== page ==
Born into a pre-dominantly corporate world with great expectations upon finishing high school, millions of Americans throughout the past decade have felt pressured to attend prestigious universities and pursue successful careers. “Where are you going to college?” and “What do you want to do?” are common questions asked by neighbors, family-friends, and colleagues. A non-negotiable across numerous households, graduating from private or public universities remains a requirement among parents and legal guardians for their children. In fact, some parents start saving money for college tuition before having kids! Due to this societal norm, right-brain millennials and Gen-Z creatives feel discouraged from dropping out of school and choosing unconventional paths as full-time musicians. Ultimately, many young-adults obligatorily enter four-year colleges, with hopes of beginning their music careers post-grad. As a Pepperdine alum myself who understands the difficulty of breaking into the industry, I interviewed fellow classmates regarding their experiences transitioning from higher education to the ‘struggling musician’ lifestyle.
Cofounder and lead vocalist of the Los Angeles based indie band Spectre Jones, Wilson Howard spent years cleaning carpets in Thousand Oaks, leading worship teams part-time, and recording nightly with best friend and bandmate Jacob Williams at Revolver Recording after receiving his undergraduate degree in religion from Pepperdine University. Growing up outside of Memphis, TN, under a traditional Church of Christ roof, Wilson’s exposure to diverse music was limited. Inspired by his high school missionary experiences and church camp summers, Wilson focused on youth ministry throughout college. According to Wilson, “music was happening all of the time,” and his involvement with musical extracurriculars only strengthened each semester. From opening for the Oh Hellos with college band River Heart to subsequently performing at the Penny & Sparrow campus concert fundraiser, 2016 marked a turning point in Wilson’s confidence. Providing him with the clarity needed to pursue a career in music, the P&S duo told Wilson to “give this thing a try while [he’s] young” and that “it would be a shame if [he] didn’t.” Grappling with the dilemma of continuing the singer-songwriter hustle while remaining comfortable as a freelance worship leader, Wilson decided to stay in LA and form Spectre Jones with Jacob, releasing their 2018 breakthrough EP, Greetings from Spectre Jones, through Secret Road. Gradually expanding to five members, Spectre Jones received sync opportunities with MTV’s Teen Mom and began writing music that challenged the dark side of the American Dream. Described among fans as a hybrid between Bon Iver and The Beatles, Spectre Jones utilizes modulation with profound melodies and simple lyrics. Blessed with an unconventional music career, Wilson does not know where he’d be without Pepperdine’s worship music community.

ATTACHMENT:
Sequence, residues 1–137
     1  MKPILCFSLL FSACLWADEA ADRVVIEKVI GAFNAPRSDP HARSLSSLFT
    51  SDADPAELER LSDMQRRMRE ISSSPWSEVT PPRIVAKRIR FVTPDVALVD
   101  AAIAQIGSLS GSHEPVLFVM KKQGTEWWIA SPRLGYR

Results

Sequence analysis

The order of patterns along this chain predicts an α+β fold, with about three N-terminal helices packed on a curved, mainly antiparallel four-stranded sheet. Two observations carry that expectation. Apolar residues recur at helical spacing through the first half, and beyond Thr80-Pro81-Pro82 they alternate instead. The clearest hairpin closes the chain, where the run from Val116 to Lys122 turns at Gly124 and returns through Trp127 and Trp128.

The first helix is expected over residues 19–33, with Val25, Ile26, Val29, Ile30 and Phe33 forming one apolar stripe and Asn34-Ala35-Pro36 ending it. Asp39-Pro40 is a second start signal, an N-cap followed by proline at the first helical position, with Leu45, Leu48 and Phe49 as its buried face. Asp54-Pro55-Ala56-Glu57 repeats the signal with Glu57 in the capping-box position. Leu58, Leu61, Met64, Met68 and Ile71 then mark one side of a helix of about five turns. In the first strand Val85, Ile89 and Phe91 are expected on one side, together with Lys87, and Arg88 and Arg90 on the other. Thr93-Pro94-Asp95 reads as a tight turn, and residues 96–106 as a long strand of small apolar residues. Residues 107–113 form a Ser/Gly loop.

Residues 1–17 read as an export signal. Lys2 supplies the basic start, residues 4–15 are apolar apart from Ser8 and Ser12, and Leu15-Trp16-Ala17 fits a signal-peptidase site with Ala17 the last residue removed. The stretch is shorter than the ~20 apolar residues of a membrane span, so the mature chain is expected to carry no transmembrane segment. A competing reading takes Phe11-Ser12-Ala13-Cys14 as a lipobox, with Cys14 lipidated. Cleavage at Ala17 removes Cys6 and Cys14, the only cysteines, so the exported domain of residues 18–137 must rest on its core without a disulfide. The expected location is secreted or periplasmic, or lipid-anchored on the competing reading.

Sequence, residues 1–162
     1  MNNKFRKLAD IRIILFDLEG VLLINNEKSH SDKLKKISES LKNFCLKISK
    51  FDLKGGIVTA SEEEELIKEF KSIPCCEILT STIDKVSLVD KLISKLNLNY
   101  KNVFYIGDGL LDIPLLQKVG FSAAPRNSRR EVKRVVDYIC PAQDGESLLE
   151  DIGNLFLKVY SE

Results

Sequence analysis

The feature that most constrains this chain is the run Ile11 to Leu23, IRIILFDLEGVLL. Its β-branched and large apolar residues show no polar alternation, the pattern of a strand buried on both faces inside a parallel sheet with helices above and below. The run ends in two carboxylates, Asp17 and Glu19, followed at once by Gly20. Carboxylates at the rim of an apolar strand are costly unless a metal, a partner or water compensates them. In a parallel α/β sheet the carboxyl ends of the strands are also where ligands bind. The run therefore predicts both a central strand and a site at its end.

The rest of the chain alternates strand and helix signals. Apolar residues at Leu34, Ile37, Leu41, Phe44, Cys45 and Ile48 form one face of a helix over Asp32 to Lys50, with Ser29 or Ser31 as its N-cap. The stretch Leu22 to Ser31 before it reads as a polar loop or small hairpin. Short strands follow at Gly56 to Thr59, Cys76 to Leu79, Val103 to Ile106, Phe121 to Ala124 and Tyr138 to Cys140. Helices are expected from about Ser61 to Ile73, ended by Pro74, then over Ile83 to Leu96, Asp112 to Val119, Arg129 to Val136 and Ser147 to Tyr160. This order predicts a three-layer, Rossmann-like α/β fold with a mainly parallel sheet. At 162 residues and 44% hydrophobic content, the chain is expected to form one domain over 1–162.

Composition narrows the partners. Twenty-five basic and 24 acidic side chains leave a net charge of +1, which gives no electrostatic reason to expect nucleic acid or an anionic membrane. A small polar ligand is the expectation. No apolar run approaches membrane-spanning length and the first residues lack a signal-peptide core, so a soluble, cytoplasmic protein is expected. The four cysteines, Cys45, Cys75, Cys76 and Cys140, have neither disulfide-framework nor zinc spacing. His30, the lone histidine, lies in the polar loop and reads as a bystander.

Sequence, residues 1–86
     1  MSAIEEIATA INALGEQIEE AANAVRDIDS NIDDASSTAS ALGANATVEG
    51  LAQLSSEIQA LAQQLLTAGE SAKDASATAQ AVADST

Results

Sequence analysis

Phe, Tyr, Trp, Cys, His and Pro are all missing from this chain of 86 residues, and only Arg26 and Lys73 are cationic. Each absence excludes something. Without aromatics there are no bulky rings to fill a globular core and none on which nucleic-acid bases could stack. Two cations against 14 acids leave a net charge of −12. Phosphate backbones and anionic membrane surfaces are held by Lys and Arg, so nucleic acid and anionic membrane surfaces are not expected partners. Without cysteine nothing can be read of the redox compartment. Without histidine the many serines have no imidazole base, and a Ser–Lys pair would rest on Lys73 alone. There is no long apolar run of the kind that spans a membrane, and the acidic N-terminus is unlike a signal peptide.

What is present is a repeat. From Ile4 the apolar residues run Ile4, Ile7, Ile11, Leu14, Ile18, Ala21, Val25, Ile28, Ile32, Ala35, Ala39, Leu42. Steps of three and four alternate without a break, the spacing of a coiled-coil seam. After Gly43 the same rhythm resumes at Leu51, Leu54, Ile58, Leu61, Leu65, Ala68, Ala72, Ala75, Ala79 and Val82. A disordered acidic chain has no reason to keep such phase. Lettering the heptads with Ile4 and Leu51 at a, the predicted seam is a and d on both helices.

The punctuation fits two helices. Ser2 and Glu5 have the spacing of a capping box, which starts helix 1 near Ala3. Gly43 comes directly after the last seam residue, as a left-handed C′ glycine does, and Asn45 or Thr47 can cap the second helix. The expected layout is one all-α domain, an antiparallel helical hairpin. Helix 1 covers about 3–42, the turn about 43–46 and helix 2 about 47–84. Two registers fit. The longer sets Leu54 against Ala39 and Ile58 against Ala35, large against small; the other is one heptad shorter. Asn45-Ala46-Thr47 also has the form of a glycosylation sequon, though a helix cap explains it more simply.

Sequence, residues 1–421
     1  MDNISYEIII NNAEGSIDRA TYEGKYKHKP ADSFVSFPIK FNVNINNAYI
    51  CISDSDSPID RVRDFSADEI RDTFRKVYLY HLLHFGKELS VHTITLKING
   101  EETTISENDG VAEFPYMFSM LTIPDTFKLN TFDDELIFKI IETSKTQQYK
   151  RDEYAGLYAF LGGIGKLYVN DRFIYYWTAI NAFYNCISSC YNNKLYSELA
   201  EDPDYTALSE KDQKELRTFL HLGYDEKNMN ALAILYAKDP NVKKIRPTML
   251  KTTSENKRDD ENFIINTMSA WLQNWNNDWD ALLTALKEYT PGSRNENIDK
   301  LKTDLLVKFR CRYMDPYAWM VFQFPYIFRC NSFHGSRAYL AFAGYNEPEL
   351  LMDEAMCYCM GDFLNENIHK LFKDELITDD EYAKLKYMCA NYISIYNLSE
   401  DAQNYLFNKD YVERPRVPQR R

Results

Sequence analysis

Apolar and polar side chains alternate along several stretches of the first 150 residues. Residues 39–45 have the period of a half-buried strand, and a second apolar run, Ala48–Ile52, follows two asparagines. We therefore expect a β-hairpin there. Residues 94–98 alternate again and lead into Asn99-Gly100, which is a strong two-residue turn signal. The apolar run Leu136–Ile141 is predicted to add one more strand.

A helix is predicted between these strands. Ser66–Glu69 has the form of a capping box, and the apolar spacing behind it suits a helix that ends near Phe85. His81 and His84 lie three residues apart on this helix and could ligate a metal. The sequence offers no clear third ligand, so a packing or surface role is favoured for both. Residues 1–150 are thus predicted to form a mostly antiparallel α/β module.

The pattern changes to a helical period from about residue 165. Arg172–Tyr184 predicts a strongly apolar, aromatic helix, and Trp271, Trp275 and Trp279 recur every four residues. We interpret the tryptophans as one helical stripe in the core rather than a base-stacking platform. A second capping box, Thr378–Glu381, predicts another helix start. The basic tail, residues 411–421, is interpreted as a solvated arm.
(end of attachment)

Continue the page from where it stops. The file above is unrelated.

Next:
An R&B pop princess from San Jose, CA, Drea Jeann may be your next Tori Kelly. Initially passionate about musical theatre, Drea turned down the prestigious Berklee College of Music for a liberal arts education and scholarship to Pepperdine. Upon performing a skit in a freshman arts class that best showcased Drea’s professional aspirations, her professor pulled her aside, stating that she must pursue singing full-time. Struggling with confidence since elementary school, Drea finally received the validation she needed to ‘do the damn thing’ and develop herself as a vocalist. Shifting her studies to international management and philosophy, music remained on the back-burner until graduating in 2018. Inspired by her father’s work ethic, Drea ultimately decided to stay in LA, subsequently hustling in the studio and eventually releasing her first three singles. No longer insecure or questioning her self-worth, the bad-ass songstress evolved from her metamorphosis. Filming stunning music videos while simultaneously working on her upcoming EP, Drea is ready to face the demons of her past addiction throughout this new chapter of her blossoming career. Grateful for finishing her college education prior to becoming a professional recording artist, Drea holds zero regrets. Check out her latest single, “No Sympathy,” on all platforms.